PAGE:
Chicken

Asparagus NOT With Ham

We like ham. We like asparagus. We even like ham and asparagus together. However, we’d already eaten a lot of ham with crackers and cheese over the weekend, ham with scrambled eggs for breakfast, and ham in the bean soup I packed for lunch. The asparagus I purchased on Saturday wasn’t getting any younger, although the spears were still standing pretty tall in the mug in the refrigerator, so Monday night was the right time to make use of the fresh, green vegetable.

Did you know that chicken is more pleasant to eat if you only cook it until it is just no longer pink? Until I watched an old Julia Child video about chicken, I hadn’t really considered that chicken might get tough if you cooked it too long or over too high of heat.

Usually, we like to broil the asparagus sprinkled with Parmesean and olive oil, but I decided to try a stove-top recipe with a balsamic-honey-dijon vinaigrette this time.

I thought that I might be able to guage the texture of the chicken better if I could watch it, rather than have to guess what was happening in the oven or under the broiler.

The chicken and the sauce did turn out nicely, and it paired well with the noodles that my husband prepared. However, we probably prefer broiled Parmesean and asparagus.

 

noodles chicken asparagus tomatoes balsamicIngredients

  • 1/4 c. balsamic vinegar
  • 1 tbsp. honey
  • 1 tbsp. Dijon mustard
  • 2 cloves garlic, minced
  • dash of red pepper flakes
  • 1/4 c. extra-virgin olive oil, divided
  • about 6 chicken breast tenders (You may want to cut them into smaller chunks.)
  •  salt
  • Freshly ground black pepper
  • handful of asparagus spears, woody ends snapped off, remainder cut into bite-size pieces
  • 1 tomato, cut into about 8 pieces

Directions

  1. In a small bowl, whisk together the balsamic vinegar, honey, mustard, garlic, and red pepper flakes. Add 2 tablespoons of the olive oil and continue whisking until the mixture is well combined. Set it aside.
  2. Over medium heat, heat remaining oil in a medium-sized frying pan. Add the chicken, season it with salt and pepper, and sear until golden, about 3 minutes per side. Remove it from the pan and set aside.
  3. Add  just enough hot water to the pan that you can simmer the asparagus. Cook it until the asparagus is bright green. Add the tomatoes, season with more salt and pepper, and  continue to cook the vegetables until the tomatoes are slightly wilted.
  4. Return the chicken to the pan and pour in the vinaigrette. Toss the vegetables and chicken together and continue to cook the mixture until the chicken is heated through and the vinaigrette thickens.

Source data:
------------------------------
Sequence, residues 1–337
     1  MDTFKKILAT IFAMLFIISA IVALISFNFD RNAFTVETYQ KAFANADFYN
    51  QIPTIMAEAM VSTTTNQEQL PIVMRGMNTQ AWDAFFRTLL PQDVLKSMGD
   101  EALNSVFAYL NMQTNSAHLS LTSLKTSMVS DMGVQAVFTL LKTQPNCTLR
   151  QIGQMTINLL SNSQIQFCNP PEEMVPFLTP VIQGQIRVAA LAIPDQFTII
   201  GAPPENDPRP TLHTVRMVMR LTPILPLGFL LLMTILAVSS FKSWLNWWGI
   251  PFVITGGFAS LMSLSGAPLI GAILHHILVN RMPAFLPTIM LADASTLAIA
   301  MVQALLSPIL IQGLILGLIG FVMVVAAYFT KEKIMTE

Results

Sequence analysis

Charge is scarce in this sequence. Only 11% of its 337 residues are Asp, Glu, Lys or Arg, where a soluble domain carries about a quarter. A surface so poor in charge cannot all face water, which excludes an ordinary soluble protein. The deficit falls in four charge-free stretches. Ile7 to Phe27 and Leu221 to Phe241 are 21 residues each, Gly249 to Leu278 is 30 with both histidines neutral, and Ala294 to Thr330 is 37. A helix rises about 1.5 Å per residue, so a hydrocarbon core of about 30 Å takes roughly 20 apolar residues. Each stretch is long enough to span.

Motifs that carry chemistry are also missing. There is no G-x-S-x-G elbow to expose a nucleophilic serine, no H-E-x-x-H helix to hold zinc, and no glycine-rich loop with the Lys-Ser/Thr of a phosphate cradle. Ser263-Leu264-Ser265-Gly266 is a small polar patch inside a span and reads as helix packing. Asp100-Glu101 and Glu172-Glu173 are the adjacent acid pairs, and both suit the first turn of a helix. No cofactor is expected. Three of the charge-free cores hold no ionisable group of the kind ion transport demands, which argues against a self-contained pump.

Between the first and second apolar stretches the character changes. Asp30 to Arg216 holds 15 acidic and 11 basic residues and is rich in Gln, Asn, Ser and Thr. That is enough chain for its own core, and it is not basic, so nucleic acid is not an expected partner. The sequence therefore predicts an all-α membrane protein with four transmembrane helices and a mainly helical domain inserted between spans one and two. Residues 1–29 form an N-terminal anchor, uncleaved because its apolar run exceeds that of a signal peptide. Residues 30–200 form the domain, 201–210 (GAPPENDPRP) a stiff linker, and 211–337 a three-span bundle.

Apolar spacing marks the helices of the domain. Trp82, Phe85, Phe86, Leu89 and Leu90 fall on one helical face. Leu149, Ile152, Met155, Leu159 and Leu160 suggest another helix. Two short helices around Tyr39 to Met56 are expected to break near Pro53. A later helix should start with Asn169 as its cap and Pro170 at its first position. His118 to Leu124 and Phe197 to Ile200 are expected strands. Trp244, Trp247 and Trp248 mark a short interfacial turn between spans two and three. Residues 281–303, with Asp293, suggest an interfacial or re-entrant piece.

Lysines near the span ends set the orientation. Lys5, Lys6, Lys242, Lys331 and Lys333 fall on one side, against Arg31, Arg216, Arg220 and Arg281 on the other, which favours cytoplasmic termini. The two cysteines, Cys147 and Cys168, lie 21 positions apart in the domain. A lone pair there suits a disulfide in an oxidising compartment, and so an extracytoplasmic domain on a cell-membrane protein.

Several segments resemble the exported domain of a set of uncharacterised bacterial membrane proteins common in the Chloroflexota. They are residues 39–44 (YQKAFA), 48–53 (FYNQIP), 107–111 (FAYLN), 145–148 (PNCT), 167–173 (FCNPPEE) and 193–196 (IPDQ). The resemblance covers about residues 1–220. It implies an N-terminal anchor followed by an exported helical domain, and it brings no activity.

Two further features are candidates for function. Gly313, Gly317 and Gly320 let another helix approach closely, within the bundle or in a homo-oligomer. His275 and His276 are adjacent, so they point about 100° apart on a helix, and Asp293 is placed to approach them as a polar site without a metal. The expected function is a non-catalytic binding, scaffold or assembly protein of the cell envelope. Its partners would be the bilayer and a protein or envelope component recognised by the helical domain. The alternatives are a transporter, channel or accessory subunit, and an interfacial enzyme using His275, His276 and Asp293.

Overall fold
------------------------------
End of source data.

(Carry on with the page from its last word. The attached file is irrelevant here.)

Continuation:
Advertisements
Categories: Chicken, Food and drink, pasta, sauces & condiments, Vegetables | Tags: , , , , , , , | Leave a comment

Ruth Is Right

Sharwoods Curry with yogurt

A friend’s cool, dark basement was a welcome place to spend a sultry summer evening. After watching some of a recording of the Vienna Philharmonic Orchestra’s New Year’s celebration, our host popped in the dvd I had brought along. The Lunchbox came out in 2013, but I’d never heard of it. If you have an interest in foreign places and/or enjoy food for more than just nourishment, you might like the movie.

The story was set in India so now, naturally, we are craving curries, paneer, and chapati.  Since the last two recipes from Ruth Reichl’s book, Tender at the Bone, have recently provided success in our kitchen, I thought I would see what she has to say about Indian food. At the end of one of Gourmet‘s foodie travel videos, Reichl gives instruction for a simple tandoori-style entree that you can make at home.

Rather than insisting you purchase a zillion spices to create an imitation of the complex flavors of an Indian restaurant, she claims that the bottled sauces at your grocery store will be sufficient. Besides a bottle of Vindaloo sauce, you need yogurt, cilantro, and mint to season your chicken.  You should let the skinless chicken marinade for at least 40 minutes.

The cooking method almost convinced me to set the recipe aside. Summer temperatures in July do not encourage one to use the oven, much less an oven set to 500*F.  However, after a torrential downpour last night, the outside temperatures have dropped to near 70* F. Because I was still afraid of setting off the smoke alarm,  I didn’t leave the chicken in long enough for it to get the prescribed char.

I’ve got to work on the Basmati rice. But, alongside the curried vegetables, and the slices of raw tomato and avocado, the false-tandoori chicken was satisfying.

 

Categories: Chicken, Entertainment, Food and drink, Herbs and Spices, Rice, sauces & condiments | Tags: , , , , , , , , , , | Leave a comment

This Week

Categories: bacon, beef, Bread, Breakfast, Cheese, Chicken, Dessert, Food and drink, German food, Potato, Vegetables | Tags: , , , , , , , , , , , , , , , , , , | Leave a comment

Create a free website or blog at WordPress.com.